POLITICS & INSTITUTIONS - INSTITUTIONS

Community

The forward march of English in the capital



Maurice Bauer, alderman for integration at the City of Luxembourg, says the capital must speak English to make its international community feel welcome Photo: Matic Zorman / Maison Moderne

Maurice Bauer, alderman for integration at the City of Luxembourg, says the capital must speak English to make its international community feel welcome Photo: Matic Zorman / Maison Moderne

With more than 70% of Luxembourg City’s residents holding a foreign passport, the capital is recognising the need to offer more services in English, says integration alderman Maurice Bauer.

When BauerBauer (CSV) was first elected to the city’s council in 2011, the grand duchy’s capital counted fewer than 100,000 residents. It has since mushroomed to nearly 133,000, with people from 169 nationalities calling the city home. The share of foreign residents has also steadily risen and is now at 71%.

“The city has grown enormously,” Bauer said in an interview. “You hear a much bigger variety and mix of languages.” But one language is emerging as a common denominator out of the city’s melting pot: English.

With no city-specific data available, information from the education ministry shows that across the country, 98% of Luxembourg’s population speaks French, followed by 80% speaking English, 78% German and 77% Luxembourgish.

You hear a much bigger variety and mix of languages.
Maurice Bauer (CSV)

Maurice Bauer (CSV)Luxembourg City integration alderman

French is still the most commonly spoken language at work--no doubt linked to the roughly 150,000 cross-border commuters from France and French-speaking Belgium working in the country--followed by English, Luxembourgish and then German.

“As the City of Luxembourg, we can only put our best foot forward,” said Bauer, adding that it was not up to the commune to dictate businesses on what languages to use.

While Luxembourg residents have long had a gripe with speaking French at their local bakery, for example, expats have been known to complain about the lack of English spoken.

“The market also makes its own rules,” Bauer said, adding that shops and restaurants unable to welcome customers in English risk losing out on a significant client base. “It’s perhaps not the best approach,” he said.

Luxembourgish not enough

City hall publishes the monthly City Magazine in French and English, town hall meetings come with simultaneous interpretation services, staff at the citizens’ office (Bierger-Center) speak English, wedding ceremonies are held in the language, more sports and cultural activities are available in English.

“It’s about giving everyone the feeling that they are welcome in the city,” Bauer said, adding that there is a “significant demand” for services and activities offered in English, which the city is trying to meet.

And yet, English must co-exist with other tongues. International films at the Cinémathèque are subtitled variously in French and English, for example. The country’s mother tongue must also have its place. “Luxembourgish will always be our national language,” the integration alderman said.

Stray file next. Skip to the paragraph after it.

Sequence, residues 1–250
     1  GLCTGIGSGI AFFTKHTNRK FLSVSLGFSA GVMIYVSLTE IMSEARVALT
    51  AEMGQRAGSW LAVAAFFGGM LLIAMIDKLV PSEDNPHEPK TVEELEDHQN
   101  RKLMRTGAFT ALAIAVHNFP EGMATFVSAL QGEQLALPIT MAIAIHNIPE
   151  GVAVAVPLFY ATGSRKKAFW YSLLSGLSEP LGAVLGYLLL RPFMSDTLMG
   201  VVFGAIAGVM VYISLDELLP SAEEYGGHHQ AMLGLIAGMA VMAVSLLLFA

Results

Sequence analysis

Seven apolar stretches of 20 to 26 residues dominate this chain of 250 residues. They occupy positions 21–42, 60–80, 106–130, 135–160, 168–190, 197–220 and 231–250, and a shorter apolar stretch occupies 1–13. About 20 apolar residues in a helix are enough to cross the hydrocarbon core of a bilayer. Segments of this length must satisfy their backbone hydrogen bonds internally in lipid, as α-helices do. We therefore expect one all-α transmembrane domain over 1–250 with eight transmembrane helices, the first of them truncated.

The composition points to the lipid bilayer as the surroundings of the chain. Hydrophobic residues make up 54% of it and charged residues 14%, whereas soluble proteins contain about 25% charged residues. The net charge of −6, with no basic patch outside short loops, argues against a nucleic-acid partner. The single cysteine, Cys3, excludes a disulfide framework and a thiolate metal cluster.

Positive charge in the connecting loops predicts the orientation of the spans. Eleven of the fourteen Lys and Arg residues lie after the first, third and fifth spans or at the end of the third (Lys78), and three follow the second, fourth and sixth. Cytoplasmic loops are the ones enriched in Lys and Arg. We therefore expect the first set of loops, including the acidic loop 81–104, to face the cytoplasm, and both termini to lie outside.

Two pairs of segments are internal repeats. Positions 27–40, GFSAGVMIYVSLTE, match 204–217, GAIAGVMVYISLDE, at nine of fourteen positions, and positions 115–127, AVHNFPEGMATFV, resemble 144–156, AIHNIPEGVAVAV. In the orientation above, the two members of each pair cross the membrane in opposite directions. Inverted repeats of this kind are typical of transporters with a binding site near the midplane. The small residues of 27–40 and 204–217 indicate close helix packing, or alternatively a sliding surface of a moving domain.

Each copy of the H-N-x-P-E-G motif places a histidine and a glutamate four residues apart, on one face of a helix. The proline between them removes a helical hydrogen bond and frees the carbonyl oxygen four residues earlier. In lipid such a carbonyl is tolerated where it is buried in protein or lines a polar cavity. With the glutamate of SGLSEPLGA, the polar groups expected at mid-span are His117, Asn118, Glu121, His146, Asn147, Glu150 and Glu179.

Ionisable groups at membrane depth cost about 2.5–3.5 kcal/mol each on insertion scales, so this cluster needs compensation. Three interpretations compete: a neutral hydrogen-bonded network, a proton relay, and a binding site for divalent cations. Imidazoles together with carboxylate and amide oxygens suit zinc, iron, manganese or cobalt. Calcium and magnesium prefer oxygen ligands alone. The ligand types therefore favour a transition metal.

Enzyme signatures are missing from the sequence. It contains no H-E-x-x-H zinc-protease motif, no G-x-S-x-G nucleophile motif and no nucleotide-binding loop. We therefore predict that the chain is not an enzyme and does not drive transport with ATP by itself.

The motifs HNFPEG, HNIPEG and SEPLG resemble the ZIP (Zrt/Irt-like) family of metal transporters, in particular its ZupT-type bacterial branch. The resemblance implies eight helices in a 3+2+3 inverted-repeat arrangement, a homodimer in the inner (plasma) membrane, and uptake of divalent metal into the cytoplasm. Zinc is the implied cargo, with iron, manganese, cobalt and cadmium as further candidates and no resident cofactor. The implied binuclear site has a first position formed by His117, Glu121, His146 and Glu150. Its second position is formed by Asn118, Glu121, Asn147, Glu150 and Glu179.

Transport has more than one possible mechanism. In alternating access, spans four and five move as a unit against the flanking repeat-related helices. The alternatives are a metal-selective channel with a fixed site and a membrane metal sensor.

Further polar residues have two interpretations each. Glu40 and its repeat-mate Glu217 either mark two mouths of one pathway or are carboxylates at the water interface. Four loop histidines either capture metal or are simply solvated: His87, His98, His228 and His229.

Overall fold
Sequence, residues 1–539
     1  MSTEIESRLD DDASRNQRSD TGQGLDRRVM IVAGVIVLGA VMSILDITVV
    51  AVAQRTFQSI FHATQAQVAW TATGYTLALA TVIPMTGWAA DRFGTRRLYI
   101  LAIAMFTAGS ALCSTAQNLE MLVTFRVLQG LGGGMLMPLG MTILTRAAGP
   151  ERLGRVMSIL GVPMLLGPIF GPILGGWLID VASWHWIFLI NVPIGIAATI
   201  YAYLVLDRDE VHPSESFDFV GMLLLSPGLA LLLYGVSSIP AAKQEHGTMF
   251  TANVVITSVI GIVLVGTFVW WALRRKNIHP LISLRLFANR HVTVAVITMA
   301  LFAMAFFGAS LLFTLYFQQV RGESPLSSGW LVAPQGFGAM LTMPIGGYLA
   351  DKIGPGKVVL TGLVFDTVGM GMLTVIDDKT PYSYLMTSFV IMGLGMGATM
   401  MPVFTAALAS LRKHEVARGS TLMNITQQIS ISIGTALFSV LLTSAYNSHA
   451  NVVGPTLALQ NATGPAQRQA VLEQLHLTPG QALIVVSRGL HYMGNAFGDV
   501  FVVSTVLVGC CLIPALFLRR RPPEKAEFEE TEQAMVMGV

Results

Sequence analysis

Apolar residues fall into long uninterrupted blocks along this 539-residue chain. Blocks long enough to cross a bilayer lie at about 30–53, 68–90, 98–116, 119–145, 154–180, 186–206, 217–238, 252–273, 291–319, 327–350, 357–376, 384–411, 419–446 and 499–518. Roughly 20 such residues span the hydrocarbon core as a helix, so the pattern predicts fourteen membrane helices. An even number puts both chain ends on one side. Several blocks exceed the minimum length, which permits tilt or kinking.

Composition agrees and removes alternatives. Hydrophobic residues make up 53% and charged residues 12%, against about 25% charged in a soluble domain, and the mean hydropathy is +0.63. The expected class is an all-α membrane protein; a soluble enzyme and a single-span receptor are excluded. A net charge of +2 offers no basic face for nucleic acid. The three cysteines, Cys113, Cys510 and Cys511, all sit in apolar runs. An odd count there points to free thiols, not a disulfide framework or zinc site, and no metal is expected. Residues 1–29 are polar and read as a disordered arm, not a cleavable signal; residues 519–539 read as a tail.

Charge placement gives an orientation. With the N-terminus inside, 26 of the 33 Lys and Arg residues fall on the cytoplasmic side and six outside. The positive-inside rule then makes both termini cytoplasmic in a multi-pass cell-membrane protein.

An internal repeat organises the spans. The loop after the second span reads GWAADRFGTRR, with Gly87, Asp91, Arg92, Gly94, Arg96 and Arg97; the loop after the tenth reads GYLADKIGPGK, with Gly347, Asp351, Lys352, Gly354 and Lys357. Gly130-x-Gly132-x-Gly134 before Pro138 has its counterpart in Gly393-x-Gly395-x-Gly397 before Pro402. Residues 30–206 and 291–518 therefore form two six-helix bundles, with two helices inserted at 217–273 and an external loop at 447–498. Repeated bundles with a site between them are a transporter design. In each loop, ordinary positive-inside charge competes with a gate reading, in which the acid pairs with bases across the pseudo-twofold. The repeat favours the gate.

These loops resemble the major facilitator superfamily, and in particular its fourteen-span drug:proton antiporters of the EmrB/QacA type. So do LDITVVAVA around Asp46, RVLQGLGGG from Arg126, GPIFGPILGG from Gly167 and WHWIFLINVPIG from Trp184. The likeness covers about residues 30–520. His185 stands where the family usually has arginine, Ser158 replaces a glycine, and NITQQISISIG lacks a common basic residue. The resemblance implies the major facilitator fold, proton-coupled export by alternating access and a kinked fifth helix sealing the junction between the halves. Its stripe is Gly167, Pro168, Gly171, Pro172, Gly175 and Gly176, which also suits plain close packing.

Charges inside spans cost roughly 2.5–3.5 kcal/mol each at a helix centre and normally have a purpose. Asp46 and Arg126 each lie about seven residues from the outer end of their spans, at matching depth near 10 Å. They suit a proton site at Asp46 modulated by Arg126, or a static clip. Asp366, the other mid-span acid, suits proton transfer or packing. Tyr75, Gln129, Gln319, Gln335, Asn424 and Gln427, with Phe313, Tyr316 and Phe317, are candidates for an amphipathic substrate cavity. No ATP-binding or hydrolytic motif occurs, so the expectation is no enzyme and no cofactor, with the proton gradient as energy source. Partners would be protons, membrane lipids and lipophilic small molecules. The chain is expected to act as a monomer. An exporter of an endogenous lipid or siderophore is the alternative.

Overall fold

The government in 2017 adopted a strategy to promote the Luxembourgish language and parliament in 2018 followed this up with a legal framework to implement measures in the strategy. This included, for example, the creation of the “Zenter fir d’Lëtzebuerger Sprooch”, the centre for the Luxembourg language.

“It’s important that we are multilingual,” Bauer said. “But people interested in cohesion and successful integration in our country must be aware that with Luxembourgish alone we don’t stand a chance of giving people the feeling of being welcome and belonging.”

The burden for Luxembourg City is perhaps greater than that of other communes with smaller foreign populations. “The City of Luxembourg is the port of entry for most people into the country,” Bauer said. “There’s a critical mass here.”

Election challenges

The linguistic challenges will carry over into this year’s communal elections in which non-nationals are able to vote, but also run as candidates.

So far, only around 6.7% of eligible foreigners have registered to vote in the commune. “It’s an important moment,” Bauer said, with citizens electing the leadership of the municipality for the next six years.

In the last local election year, 2017, there were 37,706 Luxembourg residents in the city compared to 90,698 foreigners. While 27,722 Luxembourgers went to vote--with voting compulsory for passport holders--only 6,677 foreigners turned out.

We aren’t elected to be there only for Luxembourgers.
Maurice Bauer (CSV)

Maurice Bauer (CSV)Luxembourg City integration alderman

With 12,653 votes, mayor Lydie PolferLydie Polfer (DP) was elected to office by less than 10% of the people living in Luxembourg City, although this includes children and others not eligible to vote at the time.

Voting has since been made easier after a five-year residency requirement was abolished last year. More than 75,000 non-nationals are eligible to cast their ballot this year.

The commune plans to send a letter in multiple languages, including English, to non-nationals urging them to register to vote, among other activities. “It’s about them as much as all other citizens,” he said. “We aren’t elected to be there only for Luxembourgers. If we make policies, it’s for everyone.”